The Netherlands: Extinct bee species alive after all

Palinurus

The Living Force
Source (Dutch only): Waddenviltbij blijkt toch niet uitgestorven in Nederland

NOS News - Domestic - today, 13:18
Mudflat bee does not appear to be extinct in the Netherlands after all

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The mudflat bee
- Image Menno Reemer (EIS)


After thirty years, a bee that biologists thought was extinct in the Netherlands has resurfaced. Researchers from the Dutch Forestry Commission and insect knowledge center EIS found the mudflat bee again on Texel.

The habitat of this species is divided between mountainous areas in Central Europe and dune areas along the North Sea and Baltic Sea. Because very few habitats of the bee are known, "the Dutch population is therefore of great international importance," the discoverers state on Nature Today (in Dutch).

The bee species is vulnerable because it does not build its own nest but lays its eggs as a 'cuckoo bee' in the nest of another species. The fact that the mudflat bee chooses the nest of the equally rare ice-silk bee makes the species extra vulnerable.

Vanished

The species was last observed in 1991, also on Texel. Since no more specimens were found on Texel or in the Zwanenwater habitat near Callantsoog, the species was added to the Red List of threatened species as 'disappeared from the Netherlands'.

Because it is a small insect, the researchers hope that there may also be specimens living on other Wadden Islands which have been overlooked until now. "For now, however, the population on Texel is the only one we know of, so it is important to be very protective of it."

To prevent the creature from disappearing from our country again, the province of North Holland plans to conduct research on this and other endangered bee species on Texel, such as the ice-silk bee. "If we know better what these bees need, then it may be possible to prevent further decline and preserve both species in the Netherlands."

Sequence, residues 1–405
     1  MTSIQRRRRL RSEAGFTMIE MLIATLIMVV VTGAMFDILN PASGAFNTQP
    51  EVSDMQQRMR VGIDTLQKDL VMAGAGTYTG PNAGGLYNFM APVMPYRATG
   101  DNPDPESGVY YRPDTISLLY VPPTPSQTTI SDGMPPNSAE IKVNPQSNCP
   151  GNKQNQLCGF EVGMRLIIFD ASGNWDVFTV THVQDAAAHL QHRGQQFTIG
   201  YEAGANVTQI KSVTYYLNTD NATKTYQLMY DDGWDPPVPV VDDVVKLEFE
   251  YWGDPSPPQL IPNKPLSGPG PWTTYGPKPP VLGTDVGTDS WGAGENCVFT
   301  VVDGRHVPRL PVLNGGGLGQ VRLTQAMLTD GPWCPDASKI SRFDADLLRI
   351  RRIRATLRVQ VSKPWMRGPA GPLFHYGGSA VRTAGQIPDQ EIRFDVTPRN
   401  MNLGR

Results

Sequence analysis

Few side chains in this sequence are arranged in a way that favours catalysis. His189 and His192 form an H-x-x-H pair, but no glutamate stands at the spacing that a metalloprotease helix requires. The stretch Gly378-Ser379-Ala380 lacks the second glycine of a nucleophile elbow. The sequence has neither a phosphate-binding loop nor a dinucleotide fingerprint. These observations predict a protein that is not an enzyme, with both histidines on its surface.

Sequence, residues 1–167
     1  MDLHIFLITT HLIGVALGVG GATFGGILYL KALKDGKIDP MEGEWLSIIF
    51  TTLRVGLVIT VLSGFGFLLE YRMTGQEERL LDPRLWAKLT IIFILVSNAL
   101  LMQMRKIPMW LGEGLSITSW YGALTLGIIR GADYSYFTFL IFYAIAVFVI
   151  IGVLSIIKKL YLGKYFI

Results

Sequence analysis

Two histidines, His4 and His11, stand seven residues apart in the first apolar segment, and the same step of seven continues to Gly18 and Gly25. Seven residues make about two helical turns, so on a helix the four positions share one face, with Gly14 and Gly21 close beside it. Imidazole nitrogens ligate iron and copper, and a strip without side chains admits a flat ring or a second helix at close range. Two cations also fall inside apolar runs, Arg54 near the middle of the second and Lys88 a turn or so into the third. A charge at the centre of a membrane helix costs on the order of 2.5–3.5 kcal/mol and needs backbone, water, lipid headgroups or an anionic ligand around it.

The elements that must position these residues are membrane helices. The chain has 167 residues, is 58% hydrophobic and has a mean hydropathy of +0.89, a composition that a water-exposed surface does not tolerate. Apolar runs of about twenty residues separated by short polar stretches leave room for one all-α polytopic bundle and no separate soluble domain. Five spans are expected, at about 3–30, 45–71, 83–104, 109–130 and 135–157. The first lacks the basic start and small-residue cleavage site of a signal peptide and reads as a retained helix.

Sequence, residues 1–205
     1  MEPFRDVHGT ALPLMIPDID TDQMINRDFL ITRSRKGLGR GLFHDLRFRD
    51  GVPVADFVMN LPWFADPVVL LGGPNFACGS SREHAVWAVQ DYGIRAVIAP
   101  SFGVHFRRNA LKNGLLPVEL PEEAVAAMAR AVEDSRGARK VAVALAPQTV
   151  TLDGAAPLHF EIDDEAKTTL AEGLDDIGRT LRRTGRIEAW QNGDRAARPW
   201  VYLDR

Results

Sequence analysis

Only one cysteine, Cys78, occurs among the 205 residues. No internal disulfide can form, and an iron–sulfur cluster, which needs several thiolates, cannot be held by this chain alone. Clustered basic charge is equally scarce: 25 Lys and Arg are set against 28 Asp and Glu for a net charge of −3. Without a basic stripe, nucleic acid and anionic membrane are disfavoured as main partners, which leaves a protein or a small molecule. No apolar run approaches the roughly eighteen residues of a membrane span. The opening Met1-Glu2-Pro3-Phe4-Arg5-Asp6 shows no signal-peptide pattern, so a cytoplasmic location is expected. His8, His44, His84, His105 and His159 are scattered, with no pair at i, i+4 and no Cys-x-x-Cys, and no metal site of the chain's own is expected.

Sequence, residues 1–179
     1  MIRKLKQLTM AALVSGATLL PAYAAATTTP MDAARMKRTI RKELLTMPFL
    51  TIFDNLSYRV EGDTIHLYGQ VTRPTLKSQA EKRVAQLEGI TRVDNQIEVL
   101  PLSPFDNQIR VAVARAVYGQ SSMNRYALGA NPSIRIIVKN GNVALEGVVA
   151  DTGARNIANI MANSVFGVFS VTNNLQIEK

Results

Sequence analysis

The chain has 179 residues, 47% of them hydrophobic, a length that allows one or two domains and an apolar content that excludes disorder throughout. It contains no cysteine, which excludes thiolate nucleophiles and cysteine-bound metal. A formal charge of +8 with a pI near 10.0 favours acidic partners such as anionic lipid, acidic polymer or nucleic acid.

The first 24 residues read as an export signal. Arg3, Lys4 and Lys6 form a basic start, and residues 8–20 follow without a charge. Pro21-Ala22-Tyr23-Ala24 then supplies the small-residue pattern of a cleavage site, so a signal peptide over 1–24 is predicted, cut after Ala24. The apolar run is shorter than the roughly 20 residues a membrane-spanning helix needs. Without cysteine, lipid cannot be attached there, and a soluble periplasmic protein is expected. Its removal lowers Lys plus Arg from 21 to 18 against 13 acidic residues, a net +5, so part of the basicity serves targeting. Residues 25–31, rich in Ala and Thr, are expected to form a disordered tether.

Translated with www.DeepL.com/Translator (free version)
 

itellsya

SuperModerator
Moderator
FOTCM Member
I think it's notable that there have been quite a number of species that were declared extinct, only for them to reappear, much to researchers astonishment (see list below - it's not in date order). In at least one instance scientists admitted it was because they were looking in the wrong place!

Scientists also declared that polar bears were going extinct yet observations say their numbers are healthy. Further, it was only three years ago a 'super colony' of 1.5 million Adélie penguins was discovered, when they were reported as being in decline. Granted these are in often uninhabited places, but that goes for a number of these 'extinctions'.

It's likely that there are animals going extinct, and for a variety of reasons, including human impact, the changing climate, as well as the overall changes occurring on our planet. But i wonder if these seemingly hasty declarations of extinctions aren't also related to other issues, like environmentalism hysteria, maybe research is being corrupted by funding needs and shocking headlines/reports help with that, maybe there's some kind of over confidence that researchers think they know the animal world better than they do, or maybe these animals really are the last of their kind (although i'm less sure about this one). Either way, it is odd that this isn't the first headline of its kind in recent years.
 

Bastian

Dagobah Resident
I think it's notable that there have been quite a number of species that were declared extinct, only for them to reappear, much to researchers astonishment (see list below - it's not in date order).
In botany, there is another example of a species (and genus) of trees, the Wollemia "pine", thought disappeared since long time, known only through fossils, up to 1994 when a few individuals were discovered in Australia.

There is even a scientific concept known as "Lazarus taxon", which qualifies species known to be disappeared, then reappeared.
 
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